We are lucky enough to have some very creative people at the maintenance team. Once in a while I can ask them to create something for me and if they’re not too busy with other projects they’re happy to help me out. After explaining my idea they made me a freestanding plywood tree using a concrete block to stand it in. It was up to us, or better our visitors, to get the bare wood filled with peace wishes.
After an hour cutting leaves out of coloured paper we thought we’d created a pile that would last forever but it was all used up within days. Because of the time of year, we used orange, green and yellow autumn colours.
What you need:
- a fantastic maintenance team of husband or neighbor or a handy (wo)man who does all that herself
- concrete block
- material previous display if you have
- information internet about peace week
- (enlarged) images symbolizing peace
- coloured card
- several packages of blu-tack to paste the leaves to the tree but a glue stick will work as well/stapler/tape/guillotine/scissors/ruler/glue stick/marker
What to do:
Organize a plywood or real treetrunk or create one yourself with branches from trees. On this webside you can find several displays in which I use real branches. If it’s freestanding you need to secure it. A concrete block works a treat or a Christmas tree stand. If you situate it against awall, make sure you attach it securely.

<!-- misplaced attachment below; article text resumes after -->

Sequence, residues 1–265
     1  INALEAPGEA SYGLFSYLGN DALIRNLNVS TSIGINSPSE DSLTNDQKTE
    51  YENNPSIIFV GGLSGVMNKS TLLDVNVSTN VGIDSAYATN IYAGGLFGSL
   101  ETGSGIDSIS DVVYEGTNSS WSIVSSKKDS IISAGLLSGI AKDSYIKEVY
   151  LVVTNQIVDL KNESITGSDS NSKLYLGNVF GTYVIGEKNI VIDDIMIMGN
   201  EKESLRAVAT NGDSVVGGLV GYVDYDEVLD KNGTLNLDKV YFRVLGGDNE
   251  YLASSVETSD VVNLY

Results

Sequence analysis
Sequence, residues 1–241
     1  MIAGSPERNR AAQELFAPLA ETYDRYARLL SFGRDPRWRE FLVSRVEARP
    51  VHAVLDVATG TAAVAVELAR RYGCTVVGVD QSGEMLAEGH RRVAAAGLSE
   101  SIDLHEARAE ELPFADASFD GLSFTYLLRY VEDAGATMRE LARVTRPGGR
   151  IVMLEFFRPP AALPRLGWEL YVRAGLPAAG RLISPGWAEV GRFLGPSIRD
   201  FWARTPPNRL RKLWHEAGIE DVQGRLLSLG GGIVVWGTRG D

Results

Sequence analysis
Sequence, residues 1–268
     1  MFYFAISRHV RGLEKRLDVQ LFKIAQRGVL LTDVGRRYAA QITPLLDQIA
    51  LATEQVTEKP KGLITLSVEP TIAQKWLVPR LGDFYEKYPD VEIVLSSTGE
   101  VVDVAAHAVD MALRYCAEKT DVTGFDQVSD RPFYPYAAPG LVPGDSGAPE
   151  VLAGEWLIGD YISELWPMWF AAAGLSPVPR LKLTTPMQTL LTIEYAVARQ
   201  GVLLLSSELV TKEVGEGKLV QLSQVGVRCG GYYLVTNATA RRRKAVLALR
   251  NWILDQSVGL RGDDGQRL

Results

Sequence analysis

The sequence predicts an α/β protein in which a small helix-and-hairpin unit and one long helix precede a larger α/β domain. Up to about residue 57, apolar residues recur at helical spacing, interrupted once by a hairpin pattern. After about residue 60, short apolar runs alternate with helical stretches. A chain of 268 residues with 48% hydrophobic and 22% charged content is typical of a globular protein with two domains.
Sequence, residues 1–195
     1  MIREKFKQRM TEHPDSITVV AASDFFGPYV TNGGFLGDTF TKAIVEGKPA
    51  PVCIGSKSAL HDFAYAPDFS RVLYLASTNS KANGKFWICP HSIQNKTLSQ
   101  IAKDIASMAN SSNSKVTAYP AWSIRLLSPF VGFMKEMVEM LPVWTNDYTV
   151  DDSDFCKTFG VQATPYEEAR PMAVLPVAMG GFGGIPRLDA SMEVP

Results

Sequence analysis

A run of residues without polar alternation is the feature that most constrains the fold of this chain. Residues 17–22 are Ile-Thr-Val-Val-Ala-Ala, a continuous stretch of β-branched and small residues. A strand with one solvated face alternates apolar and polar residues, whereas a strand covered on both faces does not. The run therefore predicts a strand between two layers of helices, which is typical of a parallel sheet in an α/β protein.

To cover up the concrete base I collected falling leafs from the trees outside our doors and attached them with blue-tack to the trunk and base.
We wrote a few peace wishes on the leafs to start off with and with markers and a handful of paper leafs we asked visiting students to write a wish and put it on the tree. Most of them were happy to do so, though some needed a bit of encouragement or advice about what to write.
I explained that they could write what they wanted as long as it had to do with peace, for instance a peace wish for their family or a particular friend. Maybe a peace wish for themselves or a wish for the world. They could write what peace meant to them, how they saw peace or wanted it to be.
We were not sure if the students would participate but within a few days the bare tree was covered in leafs. The packets of blue-tack we used to attach the leaves vanished like mist on a sunny morning and I started using a glue stick and tape. When the surface was completely covered I stacked the leaves between the others hoping the wishes could still be read.
The tree was a bit wobbly and it actually needed a bit more support at the higher end but for the maintenance team and me it was a good learning experience. Next time we’ll support the plywood with a spine of planks in the middle, acting like a truck. Some of the wishes were heart warming and some were heartbreaking like:I wish my brother could live with me or visit me more often